19. 19. Questions 1 ¿El movimiento de sus esculturas que representa? ¿Qué nombramiento recibió en 2012? Menciona tres de sus recientes trabajos Questions 2 ¿A que responden sus esculturas? ¿Qué material utilizo para darle un nuevo enfoque a la escultura creando formas volumétricas sin materiales pesados, solidos? Menciona tres especialistas con los que colabora para realizar sus instalaciones Questions 3 ¿En que se centra el equipo de diseño? ¿en que se inspiran sus proyectos temporales y permanentes? Menciona tres especialistas con los que colabora el estudio para realizar sus instalaciones
  20. 20. Biography Janet Echelman builds living, breathing sculpture environments that respond to the forces of nature — wind, water and light — and become inviting focal points for civic life. Exploring the potential of unlikely materials, from fishing net to atomized water particles, Echelman combines ancient craft with cutting-edge technology to create her permanent sculpture at the scale of buildings. Experiential in nature, the result is sculpture that shifts from being an object you look at, to something you can get lost in. Recent prominent works include: “Her Secret is Patience” spanning two city blocks in downtown Phoenix, “Water Sky Garden” which premiered for the 2010 Vancouver Winter Olympics, “She Changes” on the waterfront in Porto, Portugal, and “Every Beating Second” in San Francisco Airport’s new Terminal Two. Recipient of the Guggenheim Fellowship, Echelman was named an Architectural Digest 2012 Innovator for “changing the very essence of urban spaces.” Her TED talk “Taking Imagination Seriously” has been translated into 34 languages and is estimated to have been viewed by more than a million people worldwide. Studio Statement Studio Echelman explores the cutting edge of sculpture, public art, and urban transformation. Assembled and led by internationally recognized sculptor Janet Echelman, the design team focuses on the development and creation of large-scale artworks. The permanent and temporary projects draw inspiration from ancient craft and modern technology. Using materials from woven fiber to atomized mist, the studio creates living, breathing pieces that respond to the forces of nature — wind, water and light. By combining meaning with physical form, it strives to create a visceral experience in diverse city environments, accessible to all. These sculpture environments embody local identity and invite residents to form a personal and dynamic relationship with the art and place. Each project becomes intimately tied to its environment through the use of local materials and working methods, thus strengthening neighborhood connections and promoting a distinctive civic character. The design team spans the globe. Studio Echelman is privileged to collaborate with brilliant aeronautical and mechanical engineers, architects, lighting designers, landscape architects, and fabricators.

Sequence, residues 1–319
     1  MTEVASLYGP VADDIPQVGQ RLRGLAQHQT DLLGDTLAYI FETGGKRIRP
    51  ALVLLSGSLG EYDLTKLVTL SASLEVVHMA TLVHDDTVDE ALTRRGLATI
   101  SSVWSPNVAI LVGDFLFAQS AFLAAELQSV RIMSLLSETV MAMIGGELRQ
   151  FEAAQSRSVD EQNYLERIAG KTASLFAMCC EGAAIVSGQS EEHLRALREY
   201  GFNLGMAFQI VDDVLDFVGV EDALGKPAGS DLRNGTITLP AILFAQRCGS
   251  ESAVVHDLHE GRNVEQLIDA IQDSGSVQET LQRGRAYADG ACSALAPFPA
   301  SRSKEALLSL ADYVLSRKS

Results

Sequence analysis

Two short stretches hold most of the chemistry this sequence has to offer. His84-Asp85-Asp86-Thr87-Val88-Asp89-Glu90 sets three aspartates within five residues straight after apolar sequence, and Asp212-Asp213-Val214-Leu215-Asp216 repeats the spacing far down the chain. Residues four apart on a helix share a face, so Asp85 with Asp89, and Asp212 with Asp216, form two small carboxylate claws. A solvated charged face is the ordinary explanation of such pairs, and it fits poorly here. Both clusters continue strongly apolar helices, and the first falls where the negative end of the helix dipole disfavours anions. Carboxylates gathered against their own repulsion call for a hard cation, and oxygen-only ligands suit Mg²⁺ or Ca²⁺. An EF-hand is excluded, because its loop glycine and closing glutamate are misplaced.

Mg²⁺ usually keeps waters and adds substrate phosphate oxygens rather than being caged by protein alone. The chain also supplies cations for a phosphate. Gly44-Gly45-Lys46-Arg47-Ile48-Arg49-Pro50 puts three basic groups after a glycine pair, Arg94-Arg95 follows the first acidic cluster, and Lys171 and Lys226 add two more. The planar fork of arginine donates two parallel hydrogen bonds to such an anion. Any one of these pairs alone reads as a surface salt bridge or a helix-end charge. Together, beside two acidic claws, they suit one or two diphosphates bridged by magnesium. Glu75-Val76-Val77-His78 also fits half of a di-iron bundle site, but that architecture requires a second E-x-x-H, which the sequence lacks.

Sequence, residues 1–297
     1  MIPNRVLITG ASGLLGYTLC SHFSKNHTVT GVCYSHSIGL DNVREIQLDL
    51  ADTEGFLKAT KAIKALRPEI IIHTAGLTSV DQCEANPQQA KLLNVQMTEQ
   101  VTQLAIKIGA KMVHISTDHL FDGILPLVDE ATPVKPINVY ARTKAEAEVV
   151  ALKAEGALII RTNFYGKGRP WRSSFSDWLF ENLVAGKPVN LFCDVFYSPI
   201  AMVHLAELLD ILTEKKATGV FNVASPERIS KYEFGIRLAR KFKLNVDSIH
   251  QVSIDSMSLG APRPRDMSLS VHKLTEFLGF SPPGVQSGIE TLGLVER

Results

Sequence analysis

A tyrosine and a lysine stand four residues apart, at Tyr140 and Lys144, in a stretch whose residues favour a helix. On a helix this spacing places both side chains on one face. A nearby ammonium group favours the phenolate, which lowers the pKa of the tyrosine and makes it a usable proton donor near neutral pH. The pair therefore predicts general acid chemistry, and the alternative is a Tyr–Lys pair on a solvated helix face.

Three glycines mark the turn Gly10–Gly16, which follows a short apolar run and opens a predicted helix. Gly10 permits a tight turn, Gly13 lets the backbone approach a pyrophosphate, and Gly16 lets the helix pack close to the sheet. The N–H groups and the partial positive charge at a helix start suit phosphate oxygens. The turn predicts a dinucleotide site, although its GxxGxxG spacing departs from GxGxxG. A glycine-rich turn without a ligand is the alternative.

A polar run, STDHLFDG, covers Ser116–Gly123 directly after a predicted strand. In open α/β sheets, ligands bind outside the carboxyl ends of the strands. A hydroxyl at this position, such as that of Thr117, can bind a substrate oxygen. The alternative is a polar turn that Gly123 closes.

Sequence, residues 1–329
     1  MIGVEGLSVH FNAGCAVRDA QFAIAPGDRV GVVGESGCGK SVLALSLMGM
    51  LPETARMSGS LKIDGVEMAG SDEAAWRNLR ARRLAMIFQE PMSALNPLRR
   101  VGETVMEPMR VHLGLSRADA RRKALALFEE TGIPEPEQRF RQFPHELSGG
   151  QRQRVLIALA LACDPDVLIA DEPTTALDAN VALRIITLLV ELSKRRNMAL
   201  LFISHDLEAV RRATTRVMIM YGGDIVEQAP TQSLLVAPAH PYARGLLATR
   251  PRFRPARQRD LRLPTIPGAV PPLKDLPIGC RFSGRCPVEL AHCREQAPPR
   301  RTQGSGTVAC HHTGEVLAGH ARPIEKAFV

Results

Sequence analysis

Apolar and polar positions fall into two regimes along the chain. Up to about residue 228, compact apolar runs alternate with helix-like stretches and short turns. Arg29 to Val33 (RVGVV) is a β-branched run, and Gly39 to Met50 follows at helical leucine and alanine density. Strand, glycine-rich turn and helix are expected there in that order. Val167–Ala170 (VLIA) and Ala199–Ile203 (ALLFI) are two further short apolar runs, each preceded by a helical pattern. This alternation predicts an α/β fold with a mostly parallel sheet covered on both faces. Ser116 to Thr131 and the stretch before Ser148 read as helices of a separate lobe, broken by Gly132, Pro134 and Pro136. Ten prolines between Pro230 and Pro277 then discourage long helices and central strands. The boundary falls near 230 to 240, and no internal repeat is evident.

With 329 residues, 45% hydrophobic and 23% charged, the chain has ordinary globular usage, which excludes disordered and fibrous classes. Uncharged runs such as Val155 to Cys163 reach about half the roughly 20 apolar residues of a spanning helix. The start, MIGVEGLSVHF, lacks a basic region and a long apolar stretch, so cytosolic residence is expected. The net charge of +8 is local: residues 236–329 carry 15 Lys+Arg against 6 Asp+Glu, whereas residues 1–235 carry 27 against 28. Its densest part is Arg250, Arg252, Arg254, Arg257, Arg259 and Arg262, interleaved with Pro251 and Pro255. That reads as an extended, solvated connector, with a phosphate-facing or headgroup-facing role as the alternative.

21. 21. Artist’s Story American artist Janet Echelman reshapes urban airspace with monumental, fluidly moving sculpture that responds to environmental forces including wind, water, and sunlight. Echelman first set out to be an artist after graduating college. She moved to Hong Kong in 1987 to study Chinese calligraphy and brush- painting. Later she moved to Bali, Indonesia, where she collaborated with artisans to combine traditional textile methods with contemporary painting. When she lost her bamboo house in Bali to a fire, Echelman returned to the United States and began teaching at Harvard. After seven years as an Artist- in-Residence, she returned to Asia, embarking on a Fulbright lectureship in India. With the promise to give painting exhibitions around the country, she shipped her paints to Mahabalipuram, a fishing village famous for sculpture. When her paints never arrived, Echelman, inspired by the local materials and culture, began working with bronze casters in the village. She soon found the material too heavy and expensive for her Fulbright budget. While watching local fishermen bundling their nets one evening, Echelman began wondering if nets could be a new approach to sculpture: a way to create volumetric form without heavy, solid materials. Today Echelman has constructed net sculpture environments in metropolitan cities around the world. She sees public art as a team sport and collaborates with a range of professionals including aeronautical and mechanical engineers, architects, lighting designers, landscape architects, and fabricators. She built her studio beside her hundred-year-old house, where she lives with her husband David Feldman and their two children.